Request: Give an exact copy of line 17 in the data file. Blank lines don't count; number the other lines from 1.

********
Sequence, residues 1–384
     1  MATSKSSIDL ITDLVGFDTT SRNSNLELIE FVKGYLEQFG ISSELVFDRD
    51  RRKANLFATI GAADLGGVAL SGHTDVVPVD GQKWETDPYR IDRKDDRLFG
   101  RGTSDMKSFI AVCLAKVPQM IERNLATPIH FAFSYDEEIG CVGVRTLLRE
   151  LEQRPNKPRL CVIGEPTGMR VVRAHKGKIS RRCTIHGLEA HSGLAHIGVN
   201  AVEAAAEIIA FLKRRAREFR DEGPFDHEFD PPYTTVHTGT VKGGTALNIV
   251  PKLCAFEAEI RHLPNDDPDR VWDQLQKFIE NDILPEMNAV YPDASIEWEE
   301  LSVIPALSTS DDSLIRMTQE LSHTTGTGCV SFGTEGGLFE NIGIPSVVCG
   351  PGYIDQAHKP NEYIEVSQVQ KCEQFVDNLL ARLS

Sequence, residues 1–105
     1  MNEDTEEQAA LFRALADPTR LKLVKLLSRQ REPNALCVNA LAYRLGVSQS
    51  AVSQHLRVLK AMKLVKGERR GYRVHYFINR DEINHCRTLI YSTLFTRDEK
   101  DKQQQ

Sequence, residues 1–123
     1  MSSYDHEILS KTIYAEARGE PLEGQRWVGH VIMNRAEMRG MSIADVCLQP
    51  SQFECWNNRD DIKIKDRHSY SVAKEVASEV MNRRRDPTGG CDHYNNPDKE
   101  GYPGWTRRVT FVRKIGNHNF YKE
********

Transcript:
   101  GYPGWTRRVT FVRKIGNHNF YKE